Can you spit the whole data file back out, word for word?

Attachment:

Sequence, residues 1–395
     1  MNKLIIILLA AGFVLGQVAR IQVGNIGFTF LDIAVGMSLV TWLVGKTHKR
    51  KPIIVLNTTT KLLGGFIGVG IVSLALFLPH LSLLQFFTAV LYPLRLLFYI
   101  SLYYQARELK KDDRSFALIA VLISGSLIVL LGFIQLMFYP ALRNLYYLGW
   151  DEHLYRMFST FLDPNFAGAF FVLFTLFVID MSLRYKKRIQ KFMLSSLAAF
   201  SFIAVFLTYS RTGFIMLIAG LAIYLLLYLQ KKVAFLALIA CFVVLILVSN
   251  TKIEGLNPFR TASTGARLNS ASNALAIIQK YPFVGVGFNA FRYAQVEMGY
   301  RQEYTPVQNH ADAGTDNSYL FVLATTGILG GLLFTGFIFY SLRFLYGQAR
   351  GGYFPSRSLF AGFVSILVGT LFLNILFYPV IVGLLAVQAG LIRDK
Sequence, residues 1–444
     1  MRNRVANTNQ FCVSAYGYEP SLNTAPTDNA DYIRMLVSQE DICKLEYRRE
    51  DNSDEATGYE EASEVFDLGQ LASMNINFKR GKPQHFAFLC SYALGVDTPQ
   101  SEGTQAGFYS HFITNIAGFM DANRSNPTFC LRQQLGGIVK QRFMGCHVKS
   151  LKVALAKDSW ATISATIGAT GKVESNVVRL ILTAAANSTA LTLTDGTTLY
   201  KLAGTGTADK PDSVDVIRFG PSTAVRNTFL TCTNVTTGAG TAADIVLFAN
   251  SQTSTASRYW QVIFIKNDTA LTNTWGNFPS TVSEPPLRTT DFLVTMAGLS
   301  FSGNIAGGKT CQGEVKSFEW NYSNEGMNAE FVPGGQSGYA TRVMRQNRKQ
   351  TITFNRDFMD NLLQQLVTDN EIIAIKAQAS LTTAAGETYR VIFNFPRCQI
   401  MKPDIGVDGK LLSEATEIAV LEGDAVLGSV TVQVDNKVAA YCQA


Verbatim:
Sequence, residues 1–395
     1  MNKLIIILLA AGFVLGQVAR IQVGNIGFTF LDIAVGMSLV TWLVGKTHKR
    51  KPIIVLNTTT KLLGGFIGVG IVSLALFLPH LSLLQFFTAV LYPLRLLFYI
   101  SLYYQARELK KDDRSFALIA VLISGSLIVL LGFIQLMFYP ALRNLYYLGW
   151  DEHLYRMFST FLDPNFAGAF FVLFTLFVID MSLRYKKRIQ KFMLSSLAAF
   201  SFIAVFLTYS RTGFIMLIAG LAIYLLLYLQ KKVAFLALIA CFVVLILVSN
   251  TKIEGLNPFR TASTGARLNS ASNALAIIQK YPFVGVGFNA FRYAQVEMGY
   301  RQEYTPVQNH ADAGTDNSYL FVLATTGILG GLLFTGFIFY SLRFLYGQAR
   351  GGYFPSRSLF AGFVSILVGT LFLNILFYPV IVGLLAVQAG LIRDK
Sequence, residues 1–444
     1  MRNRVANTNQ FCVSAYGYEP SLNTAPTDNA DYIRMLVSQE DICKLEYRRE
    51  DNSDEATGYE EASEVFDLGQ LASMNINFKR GKPQHFAFLC SYALGVDTPQ
   101  SEGTQAGFYS HFITNIAGFM DANRSNPTFC LRQQLGGIVK QRFMGCHVKS
   151  LKVALAKDSW ATISATIGAT GKVESNVVRL ILTAAANSTA LTLTDGTTLY
   201  KLAGTGTADK PDSVDVIRFG PSTAVRNTFL TCTNVTTGAG TAADIVLFAN
   251  SQTSTASRYW QVIFIKNDTA LTNTWGNFPS TVSEPPLRTT DFLVTMAGLS
   301  FSGNIAGGKT CQGEVKSFEW NYSNEGMNAE FVPGGQSGYA TRVMRQNRKQ
   351  TITFNRDFMD NLLQQLVTDN EIIAIKAQAS LTTAAGETYR VIFNFPRCQI
   401  MKPDIGVDGK LLSEATEIAV LEGDAVLGSV TVQVDNKVAA YCQA